One more thing…
If you decide you want to leave your iPhone 12’s 5G connection on 5G Auto, it’s a good idea to double check this setting.
Go to Settings > Cellular > Cellular Data Options > Data Mode on your iPhone. There you’ll find three different options for how aggressive your iPhone will be with how it allows apps and services to use your 5G connection.
For example, with Allow more data on 5G selected, your FaceTime and streaming video will come through in “high-quality,” and your phone will even allow you to download future iOS updates over a 5G connection.
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iPhone 12 Mini review: There’s a lot to like for a phone…
Read through the descriptions for each data mode and select the one that works best for you — and remember, even if your carrier touts unlimited data plans, odds are there’s some sort of limit after which your internet speeds will be slowed down.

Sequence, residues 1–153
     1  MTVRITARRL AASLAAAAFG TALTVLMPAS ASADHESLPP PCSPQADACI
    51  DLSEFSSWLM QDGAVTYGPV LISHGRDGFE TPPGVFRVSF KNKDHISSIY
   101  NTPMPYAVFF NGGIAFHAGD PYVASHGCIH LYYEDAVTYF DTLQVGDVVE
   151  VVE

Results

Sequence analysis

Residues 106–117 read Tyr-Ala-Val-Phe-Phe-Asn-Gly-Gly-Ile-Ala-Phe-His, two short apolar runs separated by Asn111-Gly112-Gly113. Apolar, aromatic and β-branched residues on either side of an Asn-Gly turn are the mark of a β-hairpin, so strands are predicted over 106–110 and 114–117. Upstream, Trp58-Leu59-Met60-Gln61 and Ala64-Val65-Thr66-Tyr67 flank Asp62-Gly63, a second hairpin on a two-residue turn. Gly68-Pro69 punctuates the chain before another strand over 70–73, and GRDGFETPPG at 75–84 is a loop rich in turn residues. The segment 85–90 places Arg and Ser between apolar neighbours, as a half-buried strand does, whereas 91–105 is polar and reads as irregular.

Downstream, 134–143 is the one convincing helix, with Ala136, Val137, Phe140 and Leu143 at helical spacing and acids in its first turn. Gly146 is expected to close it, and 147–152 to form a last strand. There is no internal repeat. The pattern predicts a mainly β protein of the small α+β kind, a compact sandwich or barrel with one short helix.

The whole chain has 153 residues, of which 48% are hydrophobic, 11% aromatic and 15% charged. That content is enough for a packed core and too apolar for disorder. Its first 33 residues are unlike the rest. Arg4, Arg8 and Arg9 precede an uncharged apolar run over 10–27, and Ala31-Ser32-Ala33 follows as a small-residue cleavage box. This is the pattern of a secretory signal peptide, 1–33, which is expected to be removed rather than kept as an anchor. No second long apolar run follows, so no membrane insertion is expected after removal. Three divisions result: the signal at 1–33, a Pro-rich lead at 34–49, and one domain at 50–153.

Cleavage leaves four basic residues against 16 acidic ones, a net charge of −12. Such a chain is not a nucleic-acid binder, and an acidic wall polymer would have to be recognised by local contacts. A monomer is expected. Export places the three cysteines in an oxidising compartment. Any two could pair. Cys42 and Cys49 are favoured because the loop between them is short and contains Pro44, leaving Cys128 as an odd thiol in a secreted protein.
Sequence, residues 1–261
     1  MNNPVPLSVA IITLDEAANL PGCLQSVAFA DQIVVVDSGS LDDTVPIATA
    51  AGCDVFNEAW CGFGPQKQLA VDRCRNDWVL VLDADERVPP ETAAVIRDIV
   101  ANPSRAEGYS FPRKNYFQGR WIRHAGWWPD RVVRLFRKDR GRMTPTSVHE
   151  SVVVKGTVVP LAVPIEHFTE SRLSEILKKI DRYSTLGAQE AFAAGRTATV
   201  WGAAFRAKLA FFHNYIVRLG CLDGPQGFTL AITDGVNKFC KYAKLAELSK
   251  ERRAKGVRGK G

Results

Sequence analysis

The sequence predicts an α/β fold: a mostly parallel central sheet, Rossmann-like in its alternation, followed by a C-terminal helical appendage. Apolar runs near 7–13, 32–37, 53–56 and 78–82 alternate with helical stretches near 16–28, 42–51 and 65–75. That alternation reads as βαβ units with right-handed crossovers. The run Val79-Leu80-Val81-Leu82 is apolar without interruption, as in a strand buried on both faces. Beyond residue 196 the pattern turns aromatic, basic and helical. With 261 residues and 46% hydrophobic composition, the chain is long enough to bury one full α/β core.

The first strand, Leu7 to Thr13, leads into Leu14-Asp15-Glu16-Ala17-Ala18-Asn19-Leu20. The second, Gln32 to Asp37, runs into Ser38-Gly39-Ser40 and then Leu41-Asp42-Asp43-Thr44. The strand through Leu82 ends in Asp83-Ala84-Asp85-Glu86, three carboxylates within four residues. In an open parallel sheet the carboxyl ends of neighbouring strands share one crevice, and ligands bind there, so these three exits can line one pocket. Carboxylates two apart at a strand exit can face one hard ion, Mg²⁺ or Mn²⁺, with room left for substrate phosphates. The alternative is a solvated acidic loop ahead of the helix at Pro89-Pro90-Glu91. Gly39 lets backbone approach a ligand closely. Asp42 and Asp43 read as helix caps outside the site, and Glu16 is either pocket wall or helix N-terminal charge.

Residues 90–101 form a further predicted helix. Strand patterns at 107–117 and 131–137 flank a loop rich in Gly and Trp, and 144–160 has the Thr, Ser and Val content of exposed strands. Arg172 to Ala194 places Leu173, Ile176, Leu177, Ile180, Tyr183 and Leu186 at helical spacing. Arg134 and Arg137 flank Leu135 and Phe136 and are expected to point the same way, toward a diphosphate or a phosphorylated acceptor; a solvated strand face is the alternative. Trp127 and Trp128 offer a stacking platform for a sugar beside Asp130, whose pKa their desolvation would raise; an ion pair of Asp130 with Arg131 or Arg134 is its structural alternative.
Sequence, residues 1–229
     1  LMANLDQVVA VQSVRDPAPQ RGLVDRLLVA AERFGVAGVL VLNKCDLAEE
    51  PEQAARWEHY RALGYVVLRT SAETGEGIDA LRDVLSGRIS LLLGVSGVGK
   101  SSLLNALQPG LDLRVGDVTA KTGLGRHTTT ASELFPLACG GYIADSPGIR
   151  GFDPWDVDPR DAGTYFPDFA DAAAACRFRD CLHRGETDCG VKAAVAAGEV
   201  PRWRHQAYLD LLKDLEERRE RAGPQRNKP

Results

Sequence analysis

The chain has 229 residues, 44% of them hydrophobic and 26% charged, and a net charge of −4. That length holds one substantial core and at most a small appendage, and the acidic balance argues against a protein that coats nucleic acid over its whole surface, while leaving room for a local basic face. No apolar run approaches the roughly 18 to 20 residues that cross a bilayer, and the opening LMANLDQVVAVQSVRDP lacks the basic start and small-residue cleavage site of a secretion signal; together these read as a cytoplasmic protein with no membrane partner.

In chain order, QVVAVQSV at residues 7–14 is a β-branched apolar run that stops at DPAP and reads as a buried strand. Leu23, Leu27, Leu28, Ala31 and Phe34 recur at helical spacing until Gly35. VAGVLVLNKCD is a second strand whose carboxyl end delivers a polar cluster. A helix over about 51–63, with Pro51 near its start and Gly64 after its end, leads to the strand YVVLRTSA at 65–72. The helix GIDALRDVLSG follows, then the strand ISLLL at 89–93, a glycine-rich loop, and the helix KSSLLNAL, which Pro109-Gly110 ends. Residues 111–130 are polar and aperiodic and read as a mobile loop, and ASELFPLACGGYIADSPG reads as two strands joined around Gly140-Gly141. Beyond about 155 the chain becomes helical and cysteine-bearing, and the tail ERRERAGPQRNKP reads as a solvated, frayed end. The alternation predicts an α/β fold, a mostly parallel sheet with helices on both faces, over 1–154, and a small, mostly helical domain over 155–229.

For Gen Lalonde, part of the allure of cross-country running is the unexpected, which can’t be said about the 3,000-metre steeplechase, her signature event. “I know there is going to be 35 barriers and some of them aren’t going to have water,” she said. “I generally know what the pace is going to be, but in cross-country I have no idea. It can be anyone’s day.” Lalonde, the two-time defending senior women’s champion, was hoping Saturday would be her day for a third consecutive year at the Canadian championships but the event — scheduled for Clearbrook Park in Abbotsford, B.C. — was cancelled in August because of the coronavirus pandemic. However, she is planning her own version of cross-country this weekend — running a solo 10-kilometre time trial. It will be the Moncton, N.B., native’s latest attempt to mimic a “normal” year since the Canadian record holder didn’t enter a steeplechase race through the summer. “I did an 8K time trial a few weeks ago that would have coincided with the [B.C.] provincial championships,” said Lalonde, who moved to Victoria from Guelph, Ont., in January and married elite Canadian triathlete John Rasmussen in September. “It gives me goals to [strive for] since I haven’t raced since February and simulates the pre-race jitters [for] when I step on the line for real.” Lining up for a tough race in Abbotsford on Saturday and watching the distance running community come together to celebrate the sport is something the French on-air host at Radio Victoria says she will miss. “The national cross-country championships is about running, having fun and trying your best,” said the women’s 10K champion at the 2020 Pan American Cross-Country Cup in Victoria. “You never know how the race is going to go, so part of the fun is being ready for anything.” WATCH | Gen Lalonde runs to steeplechase Pan Am gold: Looking back, the path to victory each of the past two years couldn’t have been more different. ‘Rewarding to come out with victory’ “In Kingston [Ont.], my goal was to run with Natasha Wodak, as long as I could,” Lalonde said of her 2018 race plan on the famed Fort Henry course. “I knew she had been dominant on the cross-country scene and is a gritty runner. She’s really strong, consistent and knows her pacing, so I knew if I ran with her, I would have a good chance to medal. “I started to break from the [lead] group and knew I had gained the momentum and was having so much fun. Joel [Bourgeois], my coach [behind the scenes], was coaching [at] the University of Laval at the time and running around the course. “I remember him saying, ‘Way to go’ and I remember smiling and waving,” continued the 2016 Olympian. “I knew I still had work to do — I think I had two kilometres to go — but I knew in that moment I had put in a lot of work and it was so rewarding to come out with a victory. “Last year in Abbotsford was very, very different. After only a month of training after I took time off after a long track season, I knew it was going to be hard, but I didn’t know how hard a 10K could feel. It was consistent pounding and [eventual second-place finisher] Sarah Inglis was relentless. Maria [Bernard-Galea] was right behind us and it was back and forth. “All three of us were surging and with one kilometre to go, [my primary coach] Hilary [Stellingwerff, from the University of Victoria] looked at me and she was like, ‘Just make it to the finish.’ I didn’t know if I would. I was able to [pull out] the win but it was definitely the hardest run I’ve ever done.” Uncertain when and where her next race will happen, the 2019 Pan Am steeplechase gold medallist has tried to mix things up in her training recently — running trails and hurdle drills on the track and long, muddy hills — to keep things fun and prepare her for all race conditions. “My focus right now is on consistent base mileage,” said Lalonde, adding if she was to compete indoors in January and February it wouldn’t extend beyond one or two races. “In the coming months, I’ll gradually transition from running more on the road and trails to the track. “The focus will be on there being an Olympics [next] summer and being ready, happy and healthy come then. Crossing the finish line in Tokyo is where we want to be.”